"It felt like a movie" was both a sickening and apt descriptor for the September 11, 2001, attacks. The apocalyptic scene was pegged to a part of our consciousness that isn't supposed to intersect with reality, one that's safely tucked away in a world where the human appetite for destruction can be indulged free of any qualms. The collision of these two worlds rippled our cultural fabric, and over the last decade, we've accounted for it.
Here enters our compendium of how ours and other cultures have responded to 9/11. It's meant to be a snapshot, not a comprehensive study. But though the forums are unrelated, its a strangely fluent cross-section of human reaction, from Bollywood's surprisingly lengthy 9/11 film history to the depths of Urban Dictionary.
The colors on the graphic denote what level of alert our country was on at the time, providing a sense of a nation guided by voices of fear. There is no direct correlation between the colors and the cultural events that we are aware of. Thinking back, most wouldn't even be able to recall exactly when we were on "elevated" or "high" alert, considering the government never provided adequate information to give them context. As you can see, the colors denoting "low" and "guarded" risks -- green and blue -- were never in use during the course of the alert system, and we've been in a perpetual state of "high" risk since 2006. In April of this year, the often mocked color-coded alert system was scrapped for a more specific system of alerting us to terrorism threats.
In the first quadrant, we have "revisions," which indicates the films, television and music that were altered, or plucked out entirely, to be more mindful of our history. These changes were attempts to protect ourselves from seeing what was too painful or tasteless for a nation that just didn't find bomb jokes funny anymore -- a lesson Chandler Bing, among others, would soon discover. Many came before 9/11, but had freakish similarities to the attacks, most unfortunate of which was The Coup's album cover showing two members of the group blowing up the twin towers with a detonator. Most of the cultural revisions occurred directly after September 11, when a heightened cultural sensitivity was in effect. Unless you're a fanatic of a particular TV show or film listed here, you were likely unaware that your cultural reality had been manipulated because of reality.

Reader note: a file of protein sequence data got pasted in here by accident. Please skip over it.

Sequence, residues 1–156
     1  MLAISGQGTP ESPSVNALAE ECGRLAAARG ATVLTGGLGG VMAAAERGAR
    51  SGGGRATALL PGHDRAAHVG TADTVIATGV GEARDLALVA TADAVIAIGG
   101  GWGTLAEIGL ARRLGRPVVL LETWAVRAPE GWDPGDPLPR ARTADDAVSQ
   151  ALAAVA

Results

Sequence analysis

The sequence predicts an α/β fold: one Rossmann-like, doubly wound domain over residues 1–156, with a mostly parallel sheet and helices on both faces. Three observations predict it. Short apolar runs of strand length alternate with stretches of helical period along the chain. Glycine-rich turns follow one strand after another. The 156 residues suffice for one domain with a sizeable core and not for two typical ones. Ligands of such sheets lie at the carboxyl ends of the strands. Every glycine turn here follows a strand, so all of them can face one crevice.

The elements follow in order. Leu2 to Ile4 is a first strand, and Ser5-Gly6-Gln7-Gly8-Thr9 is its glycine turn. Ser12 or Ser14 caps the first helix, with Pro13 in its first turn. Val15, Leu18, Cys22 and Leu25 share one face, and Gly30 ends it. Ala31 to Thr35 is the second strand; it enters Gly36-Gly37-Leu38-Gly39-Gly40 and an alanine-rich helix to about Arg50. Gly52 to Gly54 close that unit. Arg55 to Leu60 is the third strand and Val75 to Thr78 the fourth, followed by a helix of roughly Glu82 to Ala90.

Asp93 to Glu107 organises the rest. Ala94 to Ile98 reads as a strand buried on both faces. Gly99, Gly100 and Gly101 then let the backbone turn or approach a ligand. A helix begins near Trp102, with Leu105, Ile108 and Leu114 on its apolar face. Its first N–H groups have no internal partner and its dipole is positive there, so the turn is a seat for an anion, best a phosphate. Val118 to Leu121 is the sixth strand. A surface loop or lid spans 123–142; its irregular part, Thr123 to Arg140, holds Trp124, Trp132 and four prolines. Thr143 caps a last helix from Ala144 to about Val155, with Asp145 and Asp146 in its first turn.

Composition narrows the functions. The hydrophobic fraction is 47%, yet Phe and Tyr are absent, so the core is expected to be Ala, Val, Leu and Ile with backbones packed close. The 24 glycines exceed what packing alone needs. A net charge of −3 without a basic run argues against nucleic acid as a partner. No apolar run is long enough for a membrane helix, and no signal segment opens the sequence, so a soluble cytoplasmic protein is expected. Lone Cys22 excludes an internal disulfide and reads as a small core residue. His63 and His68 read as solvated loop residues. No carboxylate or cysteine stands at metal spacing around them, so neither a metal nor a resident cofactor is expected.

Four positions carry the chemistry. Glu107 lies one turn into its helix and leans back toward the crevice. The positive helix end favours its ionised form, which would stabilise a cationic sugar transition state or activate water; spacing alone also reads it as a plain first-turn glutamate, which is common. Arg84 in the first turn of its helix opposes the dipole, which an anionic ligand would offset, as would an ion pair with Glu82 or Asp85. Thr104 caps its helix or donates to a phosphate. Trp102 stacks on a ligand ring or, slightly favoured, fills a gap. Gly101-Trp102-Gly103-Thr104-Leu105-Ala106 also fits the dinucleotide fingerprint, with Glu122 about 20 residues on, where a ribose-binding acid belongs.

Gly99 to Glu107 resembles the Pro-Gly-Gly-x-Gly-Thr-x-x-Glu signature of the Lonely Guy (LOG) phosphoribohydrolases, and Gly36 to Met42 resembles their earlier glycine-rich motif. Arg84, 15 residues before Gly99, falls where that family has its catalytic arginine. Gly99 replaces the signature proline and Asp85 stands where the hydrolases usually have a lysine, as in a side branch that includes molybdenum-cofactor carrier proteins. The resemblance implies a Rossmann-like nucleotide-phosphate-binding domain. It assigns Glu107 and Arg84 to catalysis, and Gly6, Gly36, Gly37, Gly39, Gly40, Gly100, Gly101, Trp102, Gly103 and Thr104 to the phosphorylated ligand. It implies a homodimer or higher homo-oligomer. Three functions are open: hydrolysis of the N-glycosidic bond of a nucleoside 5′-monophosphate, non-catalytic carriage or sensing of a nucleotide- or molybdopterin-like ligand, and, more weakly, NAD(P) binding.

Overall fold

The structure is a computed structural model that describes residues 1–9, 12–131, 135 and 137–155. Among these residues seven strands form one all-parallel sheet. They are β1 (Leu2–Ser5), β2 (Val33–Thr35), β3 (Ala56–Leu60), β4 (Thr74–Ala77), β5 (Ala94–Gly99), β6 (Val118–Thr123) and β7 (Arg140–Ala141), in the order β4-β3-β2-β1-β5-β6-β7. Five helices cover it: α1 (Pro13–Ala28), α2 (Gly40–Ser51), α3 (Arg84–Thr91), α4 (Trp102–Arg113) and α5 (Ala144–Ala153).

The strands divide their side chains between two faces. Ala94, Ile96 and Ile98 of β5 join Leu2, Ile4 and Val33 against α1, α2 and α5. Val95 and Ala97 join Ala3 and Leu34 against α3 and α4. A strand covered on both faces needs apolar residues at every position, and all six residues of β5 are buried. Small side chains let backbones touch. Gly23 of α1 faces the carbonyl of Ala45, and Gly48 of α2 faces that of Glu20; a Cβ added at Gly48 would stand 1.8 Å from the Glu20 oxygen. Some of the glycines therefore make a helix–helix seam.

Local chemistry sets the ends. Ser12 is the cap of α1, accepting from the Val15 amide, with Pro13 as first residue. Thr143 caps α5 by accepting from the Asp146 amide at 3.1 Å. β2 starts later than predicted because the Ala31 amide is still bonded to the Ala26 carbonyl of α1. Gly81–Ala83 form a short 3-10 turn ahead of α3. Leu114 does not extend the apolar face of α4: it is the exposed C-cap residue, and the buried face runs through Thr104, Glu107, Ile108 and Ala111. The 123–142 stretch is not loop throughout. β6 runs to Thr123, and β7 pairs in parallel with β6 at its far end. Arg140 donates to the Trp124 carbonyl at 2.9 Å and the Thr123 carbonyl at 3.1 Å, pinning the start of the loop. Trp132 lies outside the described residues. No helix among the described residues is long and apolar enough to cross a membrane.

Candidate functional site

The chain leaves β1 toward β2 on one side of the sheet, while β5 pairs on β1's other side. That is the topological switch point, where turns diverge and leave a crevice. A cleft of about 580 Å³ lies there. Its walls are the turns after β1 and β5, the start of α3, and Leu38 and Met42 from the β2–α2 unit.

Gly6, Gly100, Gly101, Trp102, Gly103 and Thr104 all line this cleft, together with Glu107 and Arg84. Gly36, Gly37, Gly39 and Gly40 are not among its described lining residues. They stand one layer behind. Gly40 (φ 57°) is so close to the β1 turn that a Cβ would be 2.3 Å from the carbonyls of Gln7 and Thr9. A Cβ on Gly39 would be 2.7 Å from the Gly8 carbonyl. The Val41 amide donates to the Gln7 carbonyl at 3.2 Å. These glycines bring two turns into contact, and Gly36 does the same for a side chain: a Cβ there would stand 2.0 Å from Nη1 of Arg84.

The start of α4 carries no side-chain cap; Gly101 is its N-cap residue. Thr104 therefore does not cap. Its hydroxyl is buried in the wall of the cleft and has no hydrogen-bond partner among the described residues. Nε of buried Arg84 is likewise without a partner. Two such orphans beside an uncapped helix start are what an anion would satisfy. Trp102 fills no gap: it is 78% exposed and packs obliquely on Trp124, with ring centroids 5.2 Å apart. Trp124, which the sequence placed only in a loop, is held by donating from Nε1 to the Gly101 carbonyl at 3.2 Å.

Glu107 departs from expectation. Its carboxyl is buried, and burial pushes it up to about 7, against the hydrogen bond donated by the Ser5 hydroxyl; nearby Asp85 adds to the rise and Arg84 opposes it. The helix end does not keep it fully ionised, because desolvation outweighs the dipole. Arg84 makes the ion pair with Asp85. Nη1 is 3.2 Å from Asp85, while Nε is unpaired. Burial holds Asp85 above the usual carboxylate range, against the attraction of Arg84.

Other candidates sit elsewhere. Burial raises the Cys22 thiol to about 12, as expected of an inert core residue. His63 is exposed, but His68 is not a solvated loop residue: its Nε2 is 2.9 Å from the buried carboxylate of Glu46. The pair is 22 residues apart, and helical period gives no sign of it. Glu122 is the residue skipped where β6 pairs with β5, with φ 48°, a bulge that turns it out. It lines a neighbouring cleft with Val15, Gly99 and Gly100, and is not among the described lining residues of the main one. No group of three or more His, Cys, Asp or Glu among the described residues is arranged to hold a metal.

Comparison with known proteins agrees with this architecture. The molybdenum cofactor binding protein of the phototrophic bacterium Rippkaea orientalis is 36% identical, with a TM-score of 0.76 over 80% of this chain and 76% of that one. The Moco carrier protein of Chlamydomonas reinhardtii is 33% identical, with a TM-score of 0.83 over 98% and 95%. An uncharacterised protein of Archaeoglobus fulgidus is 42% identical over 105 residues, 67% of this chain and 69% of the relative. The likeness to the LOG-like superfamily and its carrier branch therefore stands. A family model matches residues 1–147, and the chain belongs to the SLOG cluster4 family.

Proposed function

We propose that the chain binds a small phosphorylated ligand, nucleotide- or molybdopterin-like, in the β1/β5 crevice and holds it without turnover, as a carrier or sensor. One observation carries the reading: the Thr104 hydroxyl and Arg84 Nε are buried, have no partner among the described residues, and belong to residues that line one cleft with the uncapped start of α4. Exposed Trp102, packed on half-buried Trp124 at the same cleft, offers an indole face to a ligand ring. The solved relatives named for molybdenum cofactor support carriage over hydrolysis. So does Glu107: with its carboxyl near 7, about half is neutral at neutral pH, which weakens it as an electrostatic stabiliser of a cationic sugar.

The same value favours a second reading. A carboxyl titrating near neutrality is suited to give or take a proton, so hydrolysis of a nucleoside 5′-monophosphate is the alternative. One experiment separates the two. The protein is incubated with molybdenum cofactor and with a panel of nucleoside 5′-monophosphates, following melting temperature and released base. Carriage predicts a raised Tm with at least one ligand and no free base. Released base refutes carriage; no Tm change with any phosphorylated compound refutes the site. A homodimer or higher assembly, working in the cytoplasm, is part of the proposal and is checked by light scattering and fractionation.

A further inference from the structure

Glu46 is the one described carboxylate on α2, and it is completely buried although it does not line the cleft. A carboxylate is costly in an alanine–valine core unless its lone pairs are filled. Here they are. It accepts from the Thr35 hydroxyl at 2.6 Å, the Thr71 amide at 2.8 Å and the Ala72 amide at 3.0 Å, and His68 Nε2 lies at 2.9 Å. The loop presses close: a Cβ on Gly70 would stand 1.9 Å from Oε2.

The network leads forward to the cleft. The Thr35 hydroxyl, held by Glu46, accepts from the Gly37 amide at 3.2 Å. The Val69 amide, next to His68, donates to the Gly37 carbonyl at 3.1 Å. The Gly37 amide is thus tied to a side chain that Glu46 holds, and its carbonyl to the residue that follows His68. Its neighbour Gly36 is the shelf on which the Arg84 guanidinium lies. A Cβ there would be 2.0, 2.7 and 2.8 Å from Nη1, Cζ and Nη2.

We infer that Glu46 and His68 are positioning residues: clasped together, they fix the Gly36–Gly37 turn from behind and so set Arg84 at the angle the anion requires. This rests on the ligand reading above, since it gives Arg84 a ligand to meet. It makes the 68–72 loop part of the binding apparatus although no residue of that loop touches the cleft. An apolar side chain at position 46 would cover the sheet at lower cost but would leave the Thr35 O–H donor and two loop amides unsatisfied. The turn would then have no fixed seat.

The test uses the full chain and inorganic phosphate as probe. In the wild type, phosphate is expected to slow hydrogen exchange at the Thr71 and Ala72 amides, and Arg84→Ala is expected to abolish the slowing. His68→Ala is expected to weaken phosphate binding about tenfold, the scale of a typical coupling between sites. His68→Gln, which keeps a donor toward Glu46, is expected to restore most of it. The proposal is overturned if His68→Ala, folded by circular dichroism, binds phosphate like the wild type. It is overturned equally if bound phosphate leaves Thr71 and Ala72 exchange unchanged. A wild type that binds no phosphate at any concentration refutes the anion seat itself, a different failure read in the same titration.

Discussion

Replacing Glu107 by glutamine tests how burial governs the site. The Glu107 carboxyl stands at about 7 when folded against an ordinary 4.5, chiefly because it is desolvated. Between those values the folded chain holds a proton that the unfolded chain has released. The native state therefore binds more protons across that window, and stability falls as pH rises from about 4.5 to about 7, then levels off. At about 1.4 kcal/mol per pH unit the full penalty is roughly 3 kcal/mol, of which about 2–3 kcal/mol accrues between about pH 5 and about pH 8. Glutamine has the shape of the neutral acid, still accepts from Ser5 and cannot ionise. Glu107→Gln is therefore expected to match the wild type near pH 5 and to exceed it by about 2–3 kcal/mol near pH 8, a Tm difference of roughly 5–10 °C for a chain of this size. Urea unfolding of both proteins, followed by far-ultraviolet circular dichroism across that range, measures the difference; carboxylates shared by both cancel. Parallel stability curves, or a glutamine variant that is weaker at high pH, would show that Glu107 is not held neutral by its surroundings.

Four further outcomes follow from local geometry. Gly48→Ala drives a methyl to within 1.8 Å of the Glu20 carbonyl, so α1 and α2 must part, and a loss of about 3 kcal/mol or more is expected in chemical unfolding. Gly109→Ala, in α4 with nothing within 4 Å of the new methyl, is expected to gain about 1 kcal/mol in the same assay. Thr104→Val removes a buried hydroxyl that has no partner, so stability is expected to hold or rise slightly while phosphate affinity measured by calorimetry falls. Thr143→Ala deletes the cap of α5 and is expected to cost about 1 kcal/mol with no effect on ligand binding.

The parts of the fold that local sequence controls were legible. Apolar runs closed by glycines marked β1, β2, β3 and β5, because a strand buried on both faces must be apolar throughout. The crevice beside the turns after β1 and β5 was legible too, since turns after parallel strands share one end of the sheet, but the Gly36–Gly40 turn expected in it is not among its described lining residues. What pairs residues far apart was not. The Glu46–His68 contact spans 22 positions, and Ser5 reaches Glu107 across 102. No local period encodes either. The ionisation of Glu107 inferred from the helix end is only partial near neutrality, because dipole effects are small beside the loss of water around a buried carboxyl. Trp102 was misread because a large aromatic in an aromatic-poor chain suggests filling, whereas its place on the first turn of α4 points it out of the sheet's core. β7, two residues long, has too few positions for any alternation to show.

We initially planned to investigate how Hollywood reacted to 9/11. The more we read however, the more we realized Hollywood more or less stayed away. Sure there were supposed cinematic events -- Oliver Stone's "World Trade Center," Paul Greengrass' much-publicized "United 93" (actually a British film). But the cultural significance of Western output disappears next to the body of 9/11 films that came out of South Asia -- India and Pakistan, or more generally, Bollywood. These movies invert what Hollywood might have produced. Instead of the firefighter plagued with an ever-coarsening cough, Hindu wives denounce Muslim husbands, and American prison guards torture them. One film on our timeline, "Khude Kay Liye," isn't technically a Bollywood movie, as it came out of Pakistan's version, "Lollywood" (and became the second highest-grossing Lollywood film ever), but it functioned crucially in both. Pakistan's clerics reviled its anti-fundamentalist stance, while moderates in Pakistan and India welcomed it. It broke the 43-year movie ban between both countries. Now, for every Bollywood movie exported to Lollywood -- where the post-"Khuda Kay Liye" renaissance still pales next to India's movie machine -- India will show one from Pakistan.
American language, however, seemed to us irrevocably changed. Phrases like "too soon" and "never forget" evolved from campaign sloganesque refrains into tossed-off colloquialisms, or punch lines aimed at the kind of sentimentality that defined the last months of 2001. Expressions of pain turned into ironic proof of hindsight. But a scan of the past decade on Urban Dictionary -- a site that's cornered the ironic distance market -- revealed its own kind of sentimentality. The second anniversary of 9/11 inspired a moving "9/11" entry (we've placed the words on the timeline according to their date of creation), and the last entry is "Osamnia," written by someone on the night Osama died to describe why sleep that night was impossible.
These words most directly relate to our final "history" section. Similar to the alert backdrop, this section is not meant to superimpose meaning on the cultural events, but simply functions as a guide to our nation's psyche during significant moments, from the unfathomably disturbing "shock and awe" campaign to the wave of euphoria following Barack Obama's victory. While our memories of the events of the past 10 years may have dulled with time, these are unmoving markers that, unlike culture, cannot be revised.
Infographic built by Mike Sparks
Click on the squares for video and images of post-9/11 culture: